Former Michigan police chief sentenced to jail for drug dealing

The former Hartford police chief was sentenced to 40 months to 20 years for drug dealing by Van Buren County court on Monday.

Tressa Beltran was sentenced for one count of using a computer to commit a crime in relation to drug dealing activities while serving as police chief, announced Michigan Attorney General Dana Nessel.

Beltran, 58, was also given a concurrent sentence for one count of delivery less than 50 grams of a controlled substance for 330 days to 20 years. After the sentencing hearing, Beltran was immediately taken into custody to begin serving her sentences.

She pled guilty to each count in April. Beltran was also made to permanently surrender her MCOLES law enforcement license ensuring she can never be employed as a police officer in the State of Michigan again.

Beltran admitted under oath that while she was working as the City of Hartford’s chief law enforcement officer, she possessed controlled substances with the intent to deliver them and that she used a computer to arrange to deliver controlled substances.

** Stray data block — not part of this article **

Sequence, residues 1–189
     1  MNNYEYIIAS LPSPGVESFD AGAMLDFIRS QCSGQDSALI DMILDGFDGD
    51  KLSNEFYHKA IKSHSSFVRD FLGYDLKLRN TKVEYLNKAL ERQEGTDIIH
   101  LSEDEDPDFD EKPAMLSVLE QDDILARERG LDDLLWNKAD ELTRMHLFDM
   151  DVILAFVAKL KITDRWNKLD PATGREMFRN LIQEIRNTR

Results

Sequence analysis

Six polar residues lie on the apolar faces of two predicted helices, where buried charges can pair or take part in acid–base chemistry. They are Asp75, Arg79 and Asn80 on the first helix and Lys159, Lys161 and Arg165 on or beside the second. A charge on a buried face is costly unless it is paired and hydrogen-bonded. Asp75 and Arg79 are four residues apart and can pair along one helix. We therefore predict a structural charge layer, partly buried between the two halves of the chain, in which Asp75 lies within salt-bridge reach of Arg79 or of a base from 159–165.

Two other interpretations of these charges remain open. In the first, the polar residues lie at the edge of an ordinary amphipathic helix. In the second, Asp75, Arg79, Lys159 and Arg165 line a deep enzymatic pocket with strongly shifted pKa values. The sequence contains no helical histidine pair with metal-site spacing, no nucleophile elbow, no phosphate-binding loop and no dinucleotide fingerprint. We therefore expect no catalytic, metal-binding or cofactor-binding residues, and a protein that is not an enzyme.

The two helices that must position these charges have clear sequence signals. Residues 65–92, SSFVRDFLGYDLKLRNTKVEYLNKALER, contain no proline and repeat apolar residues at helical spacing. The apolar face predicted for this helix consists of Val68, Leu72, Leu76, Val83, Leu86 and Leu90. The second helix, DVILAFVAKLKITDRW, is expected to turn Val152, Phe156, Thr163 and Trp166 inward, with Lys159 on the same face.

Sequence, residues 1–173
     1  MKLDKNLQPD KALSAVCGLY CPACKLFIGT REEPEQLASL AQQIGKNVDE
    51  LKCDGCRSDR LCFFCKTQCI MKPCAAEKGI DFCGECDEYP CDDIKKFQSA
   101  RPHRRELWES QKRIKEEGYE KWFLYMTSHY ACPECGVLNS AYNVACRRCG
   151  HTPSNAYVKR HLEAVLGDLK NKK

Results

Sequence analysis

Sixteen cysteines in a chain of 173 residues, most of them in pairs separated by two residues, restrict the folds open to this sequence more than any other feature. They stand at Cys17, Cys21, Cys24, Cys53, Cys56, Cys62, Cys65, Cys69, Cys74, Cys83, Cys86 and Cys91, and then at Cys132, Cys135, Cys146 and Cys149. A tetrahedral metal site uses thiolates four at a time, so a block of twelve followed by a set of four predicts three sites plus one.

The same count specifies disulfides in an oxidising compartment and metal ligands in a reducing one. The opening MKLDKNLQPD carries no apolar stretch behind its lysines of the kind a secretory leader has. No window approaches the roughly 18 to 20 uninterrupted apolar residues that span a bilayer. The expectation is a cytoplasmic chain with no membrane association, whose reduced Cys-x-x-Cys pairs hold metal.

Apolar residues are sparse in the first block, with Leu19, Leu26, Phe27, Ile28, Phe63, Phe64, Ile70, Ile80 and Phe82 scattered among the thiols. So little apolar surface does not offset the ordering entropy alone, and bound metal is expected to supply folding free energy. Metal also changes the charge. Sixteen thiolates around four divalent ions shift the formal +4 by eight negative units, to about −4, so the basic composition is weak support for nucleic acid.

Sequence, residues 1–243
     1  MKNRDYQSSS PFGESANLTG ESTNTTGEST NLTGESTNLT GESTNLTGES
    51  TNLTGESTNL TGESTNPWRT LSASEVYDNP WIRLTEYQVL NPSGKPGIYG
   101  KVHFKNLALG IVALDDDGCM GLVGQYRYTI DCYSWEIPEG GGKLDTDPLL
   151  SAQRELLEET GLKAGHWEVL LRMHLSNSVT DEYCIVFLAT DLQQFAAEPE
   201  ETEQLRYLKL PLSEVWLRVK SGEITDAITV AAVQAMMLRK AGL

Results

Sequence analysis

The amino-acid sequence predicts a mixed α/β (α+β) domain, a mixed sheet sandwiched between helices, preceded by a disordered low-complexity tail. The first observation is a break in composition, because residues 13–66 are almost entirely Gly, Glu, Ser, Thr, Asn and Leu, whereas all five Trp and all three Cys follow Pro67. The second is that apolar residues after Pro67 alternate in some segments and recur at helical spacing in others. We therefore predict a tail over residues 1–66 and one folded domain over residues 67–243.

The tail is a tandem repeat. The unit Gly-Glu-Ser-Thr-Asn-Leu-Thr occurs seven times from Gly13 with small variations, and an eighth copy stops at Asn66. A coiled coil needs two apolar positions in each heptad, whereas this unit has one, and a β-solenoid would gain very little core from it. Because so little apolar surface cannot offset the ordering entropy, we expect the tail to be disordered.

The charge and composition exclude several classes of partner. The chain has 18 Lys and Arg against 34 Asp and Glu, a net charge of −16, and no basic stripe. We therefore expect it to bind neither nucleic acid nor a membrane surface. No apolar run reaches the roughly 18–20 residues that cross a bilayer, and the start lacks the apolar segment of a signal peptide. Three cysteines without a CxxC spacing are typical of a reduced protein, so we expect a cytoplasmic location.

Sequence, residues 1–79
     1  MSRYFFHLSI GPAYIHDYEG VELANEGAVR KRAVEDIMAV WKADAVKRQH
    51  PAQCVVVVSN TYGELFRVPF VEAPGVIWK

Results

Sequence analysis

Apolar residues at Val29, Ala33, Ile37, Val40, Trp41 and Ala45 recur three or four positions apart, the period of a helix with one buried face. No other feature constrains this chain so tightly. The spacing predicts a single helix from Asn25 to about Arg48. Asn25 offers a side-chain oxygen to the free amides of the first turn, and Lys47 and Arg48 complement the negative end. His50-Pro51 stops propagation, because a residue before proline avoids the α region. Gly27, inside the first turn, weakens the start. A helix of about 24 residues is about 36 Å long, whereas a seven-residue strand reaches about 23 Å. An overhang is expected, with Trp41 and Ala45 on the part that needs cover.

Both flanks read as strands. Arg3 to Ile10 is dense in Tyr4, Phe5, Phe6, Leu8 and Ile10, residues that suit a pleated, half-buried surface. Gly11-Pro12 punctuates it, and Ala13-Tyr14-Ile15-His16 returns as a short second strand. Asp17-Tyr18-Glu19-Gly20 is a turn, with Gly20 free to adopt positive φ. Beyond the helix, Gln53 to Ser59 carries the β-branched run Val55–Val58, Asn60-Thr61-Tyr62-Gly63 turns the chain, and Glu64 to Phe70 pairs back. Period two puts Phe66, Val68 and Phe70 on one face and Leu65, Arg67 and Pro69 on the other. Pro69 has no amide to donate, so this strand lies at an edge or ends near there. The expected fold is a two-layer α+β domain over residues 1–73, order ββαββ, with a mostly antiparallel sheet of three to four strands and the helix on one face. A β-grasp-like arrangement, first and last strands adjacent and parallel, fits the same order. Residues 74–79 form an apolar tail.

State investigators charged her with eight felonies, claiming she sold controlled substances, stole controlled substances, used her influence to extort others to provide her with controlled substances, illegally possessed several different types of controlled substances, and committed embezzlement.

"Today’s sentence delivered a clear message that no one is above the law," Nessel said. "I commend the Van Buren County Sheriff’s Office for their diligent investigative efforts that led to the removal of Ms. Beltran from her position as police chief, ensuring she could no longer jeopardize public health. My office will continue to pursue public integrity and hold accountable those who abuse their positions of power."

Detectives from the Van Buren County Sheriff’s Office conducted an extensive investigation into Chief Tressa Beltran after receiving numerous tips about her.

The investigation concluded with the Van Buren County Sheriff’s Office and the Attorney General’s Public Integrity Unit discovering evidence that Beltran had used her position as Chief of Police to commit these numerous offenses.